Customizing the please wait service is very, very easy. Just override the class like this:

   1:  public class MyCustomPleaseWaitService : PleaseWaitService
   2:  {
   3:      protected override FrameworkElement CreateBusyIndicator()
   4:      {
   5:          var busyIndicator = new MyBusyIndicatorControl();
   6:          
   7:          busyIndicator.SetBinding(System.Windows.Controls.BusyIndicator.BusyContentProperty, new Binding("Status"));
   8:          busyIndicator.SetBinding(System.Windows.Controls.BusyIndicator.IsBusyProperty, new Binding("IsBusy"));
   9:          
  10:          return busyIndicator();
  11:      }
  12:  }

The base implementation will automatically take care that the data context is updated and that the control is centered as required.

 



European Silverlight Hosting - Amsterdam :: How to Enable Dynamic Compression in IIS 7/7.5

clock February 18, 2013 07:47 by author Scott

In this tutorial I will show you how to enable dynamic compression in IIS 7. For other post of dynamic compression, please just see our last post.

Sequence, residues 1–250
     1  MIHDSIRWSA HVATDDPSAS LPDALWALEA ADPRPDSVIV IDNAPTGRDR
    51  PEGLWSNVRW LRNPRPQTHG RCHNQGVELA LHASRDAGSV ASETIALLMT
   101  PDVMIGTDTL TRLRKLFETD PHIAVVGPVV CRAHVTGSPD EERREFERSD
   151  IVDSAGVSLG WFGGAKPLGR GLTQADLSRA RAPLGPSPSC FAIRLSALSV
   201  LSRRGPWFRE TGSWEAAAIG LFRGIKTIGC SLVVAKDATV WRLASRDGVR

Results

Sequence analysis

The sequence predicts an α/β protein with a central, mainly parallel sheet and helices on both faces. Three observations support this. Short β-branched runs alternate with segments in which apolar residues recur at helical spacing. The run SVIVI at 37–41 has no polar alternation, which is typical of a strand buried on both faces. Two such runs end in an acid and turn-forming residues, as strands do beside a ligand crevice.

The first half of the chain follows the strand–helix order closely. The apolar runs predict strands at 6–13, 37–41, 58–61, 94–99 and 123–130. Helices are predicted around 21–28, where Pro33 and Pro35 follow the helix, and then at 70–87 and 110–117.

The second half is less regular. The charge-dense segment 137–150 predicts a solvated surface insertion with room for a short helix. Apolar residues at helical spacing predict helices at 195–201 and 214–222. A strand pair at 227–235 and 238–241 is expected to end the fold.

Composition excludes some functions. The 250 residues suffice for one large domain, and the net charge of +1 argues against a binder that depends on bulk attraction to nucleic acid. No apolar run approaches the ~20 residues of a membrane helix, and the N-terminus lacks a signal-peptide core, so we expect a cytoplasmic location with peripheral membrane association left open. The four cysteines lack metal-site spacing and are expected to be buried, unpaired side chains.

You’ll see this error message when you haven’t setup dynamic compression on your IIS:

“The dynamic content compression module is not installed.”

Ok, let’s start the tutorial:

1. Open server manager

2. Roles --> IIS

3. Role Services (scroll down) --> Add Role Services

4. Add desired role (Web Server --> Performance > Dynamic Content Compression)

5. Wait till finish.

To enable this feature, here are the steps:

1. Open server manager

2. Roles --> Web Server (IIS) --> Internet Information Services (IIS) Manager

3. Then, go to your site --> your website

4. IISà compression

And dynamic compression has been enable on your server. Hope this tutorial is interesting.

 



European Silverlight Hosting - Amsterdam :: Silverlight FluentDataGrid

clock January 24, 2013 07:14 by author Scott

Almost every application to work with the data we have to work with the tables for display to the user of any data which it has applied. For users familiar applications such pages and comfortable enough, but not always easy to implement a particular display logic for complex data structures such as the customer wants them to be. We give a simple example, let us have the lists A and B, are related by 1: n, each element of the list B contains three attributes - the key, the record type and value, types of records that can be repeated. Suppose we want to display the record of A, so that each row of A list displays all values ​​from the list B, the record type is used as a title